Brasserie Zédel

Brasserie Zédel’s bones are nearly 100 years old. The restaurant was originally part of the Regent Palace Hotel, Europe’s largest hotel when it was completed in 1915.


In the ’30s it was given an Art Deco overhaul by architect Oliver Percy Bernard.


Although the interiors suffered plenty of abuse in the years that followed, they have been meticulously repaired and thoughtfully updated by London’s David Collins Studio, while Donald Insall Associates, specialists in historic restorations, rejuvenated the fabrics.


Since opening in the summer, the restaurant has become a runaway success, thanks to its authentic design details and affordable French-brasserie fare. However, don’t just go for the food.


There’s also the Crazy Coqs, an adjoining cabaret and jazz club, and the impressive Bar Américain (shown here). The bar’s graphic motif, repeated on the wall covering, is a streamlined image of an airplane that recalls a more romantic age of travel.


Today the room offers a different kind of trip—time travel to 1930s Paris.



For an intimate dining experience it’s difficult to outdo Atera—a snug restaurant in Manhattan’s Tribeca neighborhood with just 18 seats in its main dining room, most of which surround the bar counter.


The interiors, by Parts and Labor Design, a New York firm started by two AvroKO alums, are a mix of earthy and industrial, with live-edge walnut slabs, handblown glass, concrete, brass, and stainless steel.


It’s an ideal match for chef Matthew Lightner’s experimental culinary approach, which mixes foraged ingredients with inventive cooking techniques.


Downstairs, a study, where Lightner dreams up new dishes, does double duty as a private dining room that can host large parties.


A wall of white subway tile and an industrial-style table and custom-made school chairs strike a utilitarian note, but the room is warmed up with leather club chairs and wire-glass–paneled doors.



Troll Wall

Sited at the foot of the Trollveggen, or Troll Wall, the highest vertical rock face in Europe, the visitor center and cafeteria has a dramatically angular roofline that was inspired by the craggy mountains that surround it.


Designed by Oslo architect Reiulf Ramstad, it’s an eye-opening addition to the pristine parkland. No stranger to working in such picturesque locations, Ramstad has completed a number of breathtaking modernist interventions at Norwegian tourist stops.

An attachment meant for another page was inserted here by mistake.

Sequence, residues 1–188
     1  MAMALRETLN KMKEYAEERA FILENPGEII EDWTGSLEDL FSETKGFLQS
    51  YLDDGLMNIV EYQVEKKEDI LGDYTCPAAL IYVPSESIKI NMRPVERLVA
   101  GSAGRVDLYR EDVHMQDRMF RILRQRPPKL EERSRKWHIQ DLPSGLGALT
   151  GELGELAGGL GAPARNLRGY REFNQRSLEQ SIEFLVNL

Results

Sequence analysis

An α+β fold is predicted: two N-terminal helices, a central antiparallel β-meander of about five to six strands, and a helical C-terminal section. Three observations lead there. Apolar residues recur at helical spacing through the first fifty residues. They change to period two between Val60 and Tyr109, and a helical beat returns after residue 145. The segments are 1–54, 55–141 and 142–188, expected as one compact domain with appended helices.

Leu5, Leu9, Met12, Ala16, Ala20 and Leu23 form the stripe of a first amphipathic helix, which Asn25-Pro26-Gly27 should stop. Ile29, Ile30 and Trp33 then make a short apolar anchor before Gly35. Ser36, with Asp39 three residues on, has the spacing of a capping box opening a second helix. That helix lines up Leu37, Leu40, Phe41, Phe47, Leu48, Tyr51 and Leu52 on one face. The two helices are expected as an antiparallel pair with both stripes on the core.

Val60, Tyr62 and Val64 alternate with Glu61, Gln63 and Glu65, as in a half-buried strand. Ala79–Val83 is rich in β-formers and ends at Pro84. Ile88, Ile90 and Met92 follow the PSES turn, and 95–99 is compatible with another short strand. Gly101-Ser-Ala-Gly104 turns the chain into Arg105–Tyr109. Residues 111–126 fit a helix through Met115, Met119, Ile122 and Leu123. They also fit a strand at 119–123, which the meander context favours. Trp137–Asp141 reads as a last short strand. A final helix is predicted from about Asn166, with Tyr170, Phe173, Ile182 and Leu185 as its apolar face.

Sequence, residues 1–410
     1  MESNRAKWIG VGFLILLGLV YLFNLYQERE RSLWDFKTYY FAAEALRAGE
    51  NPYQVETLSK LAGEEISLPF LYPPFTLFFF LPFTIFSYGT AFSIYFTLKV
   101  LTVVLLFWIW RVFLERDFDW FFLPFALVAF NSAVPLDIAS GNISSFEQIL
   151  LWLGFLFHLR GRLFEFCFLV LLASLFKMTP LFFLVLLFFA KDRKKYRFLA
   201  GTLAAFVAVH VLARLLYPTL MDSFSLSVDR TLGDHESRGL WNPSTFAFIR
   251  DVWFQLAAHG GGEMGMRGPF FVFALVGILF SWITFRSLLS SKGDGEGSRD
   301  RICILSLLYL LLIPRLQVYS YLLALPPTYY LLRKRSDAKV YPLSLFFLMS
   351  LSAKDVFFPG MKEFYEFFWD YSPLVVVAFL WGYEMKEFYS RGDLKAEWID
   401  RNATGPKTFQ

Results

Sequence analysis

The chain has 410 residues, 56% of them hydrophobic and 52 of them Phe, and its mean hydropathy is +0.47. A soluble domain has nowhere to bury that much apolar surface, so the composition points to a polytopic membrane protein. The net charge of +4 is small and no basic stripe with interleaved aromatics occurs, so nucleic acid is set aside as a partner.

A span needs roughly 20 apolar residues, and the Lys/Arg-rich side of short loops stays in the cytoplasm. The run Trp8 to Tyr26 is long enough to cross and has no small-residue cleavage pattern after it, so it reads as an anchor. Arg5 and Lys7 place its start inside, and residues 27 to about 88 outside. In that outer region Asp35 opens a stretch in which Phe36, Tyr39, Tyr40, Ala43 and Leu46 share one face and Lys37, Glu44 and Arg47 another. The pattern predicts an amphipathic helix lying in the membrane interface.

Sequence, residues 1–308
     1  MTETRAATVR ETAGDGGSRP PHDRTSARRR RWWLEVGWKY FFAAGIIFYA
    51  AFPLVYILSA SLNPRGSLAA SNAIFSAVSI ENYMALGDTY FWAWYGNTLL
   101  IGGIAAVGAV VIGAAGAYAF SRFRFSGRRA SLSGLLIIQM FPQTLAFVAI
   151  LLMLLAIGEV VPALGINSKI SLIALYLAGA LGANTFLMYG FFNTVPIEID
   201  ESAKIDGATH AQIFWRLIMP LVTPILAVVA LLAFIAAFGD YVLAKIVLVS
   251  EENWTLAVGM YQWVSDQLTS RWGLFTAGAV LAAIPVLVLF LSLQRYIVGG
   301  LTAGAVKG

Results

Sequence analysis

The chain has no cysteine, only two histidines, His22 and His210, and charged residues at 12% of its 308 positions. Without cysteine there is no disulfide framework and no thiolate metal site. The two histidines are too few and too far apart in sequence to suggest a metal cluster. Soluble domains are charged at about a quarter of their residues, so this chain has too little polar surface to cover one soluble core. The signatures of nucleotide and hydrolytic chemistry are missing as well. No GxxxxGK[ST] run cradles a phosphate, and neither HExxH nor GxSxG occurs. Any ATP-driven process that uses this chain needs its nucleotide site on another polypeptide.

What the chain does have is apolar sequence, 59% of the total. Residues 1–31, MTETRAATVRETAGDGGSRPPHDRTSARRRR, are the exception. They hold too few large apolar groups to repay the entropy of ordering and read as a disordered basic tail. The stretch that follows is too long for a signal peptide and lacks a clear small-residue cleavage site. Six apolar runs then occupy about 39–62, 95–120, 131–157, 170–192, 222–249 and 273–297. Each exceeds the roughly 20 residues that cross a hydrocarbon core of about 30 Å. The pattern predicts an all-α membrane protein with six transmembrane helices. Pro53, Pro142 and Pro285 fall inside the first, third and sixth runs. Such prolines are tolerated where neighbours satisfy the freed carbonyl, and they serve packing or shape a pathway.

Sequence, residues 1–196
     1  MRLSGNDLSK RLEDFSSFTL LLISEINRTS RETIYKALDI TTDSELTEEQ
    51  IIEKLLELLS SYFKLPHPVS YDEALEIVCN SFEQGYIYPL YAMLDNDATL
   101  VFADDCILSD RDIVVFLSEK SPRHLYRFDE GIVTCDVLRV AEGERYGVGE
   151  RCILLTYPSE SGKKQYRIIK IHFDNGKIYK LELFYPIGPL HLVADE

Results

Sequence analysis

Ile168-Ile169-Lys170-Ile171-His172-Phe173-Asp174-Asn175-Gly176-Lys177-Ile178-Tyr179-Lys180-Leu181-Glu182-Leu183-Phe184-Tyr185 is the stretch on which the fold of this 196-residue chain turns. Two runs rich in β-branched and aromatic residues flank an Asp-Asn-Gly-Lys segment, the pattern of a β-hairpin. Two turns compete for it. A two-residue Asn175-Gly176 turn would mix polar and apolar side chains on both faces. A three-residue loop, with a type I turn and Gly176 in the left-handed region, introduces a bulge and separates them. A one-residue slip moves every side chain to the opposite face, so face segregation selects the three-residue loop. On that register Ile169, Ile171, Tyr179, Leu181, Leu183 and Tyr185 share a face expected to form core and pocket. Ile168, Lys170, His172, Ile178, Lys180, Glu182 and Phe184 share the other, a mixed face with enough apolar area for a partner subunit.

The dining area is all about the view. A simple cafeteria offers burgers and other casual meals, and visitors are free to pull up a chair wherever they please.


In good weather, the best seats are on the terrace or the integrated bleachers. But even when precipitation or cool temperatures force people inside, the glass walls and steeply angled roof ensures that the architecture doesn’t impede sight lines to the sky.



La maison 1888

Devised by Bangkok-based designer Bill Bensley as part of the Intercontinental Danang Sun Peninsula Resort, the interiors of La Maison 1888 offer a spirited take on French Colonial architecture, focused through a contemporary lens.

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As its name suggests, the restaurant is situated in its own grand “house” on the property. Illuminating the main staircase are pendant lamps made to look like Vietnamese birdcages, complete with the shadows of imaginary feathered friends.


The dining room decor is traditional with a twist, as evidenced by the Louis XVI–style chairs with backs and armrests that have been updated with a fanciful scroll motif.


A high-contrast black-and-white palette grounds the space and sets off leafy green tropical plants. The French Colonial flavor is a perfect match for the cuisine—classic French cooking by chef Michel Roux



The first restaurant outside Spain for renowned Catalonian chef Paco Pérez, 5-cinco is located in the chic new Das Stue hotel.

The hotel inhabits a former Royal Danish embassy built in 1939, and the interior public spaces, designed by Patricia Urquiola, feature stately, sober architecture updated with dramatic contemporary details—including a crocodile head sculpture in the lobby.


If visitors feel compelled to stay awhile, it’s perfectly natural—Das Stue is Danish for “living room.”
5-cinco’s formal dining room doesn’t take itself too seriously.


A haphazard arrangement of copper vessels swarms a cluster of Tom Dixon copper pendant lamps, creating a striking focal point that reflects the energy of chef Pérez’s home country.




At the NoMad hotel, French designer Jacques Garcia has fashioned a restaurant and bar as layered, plush, and richly detailed as a European grand hotel.


Using sumptuous materials and meticulous craftsmanship, Garcia conjured a sense of history and tradition. Step up to the 24-foot-long mahogany bar, which is guarded by carved elephants, and you get the feeling this place is here to stay.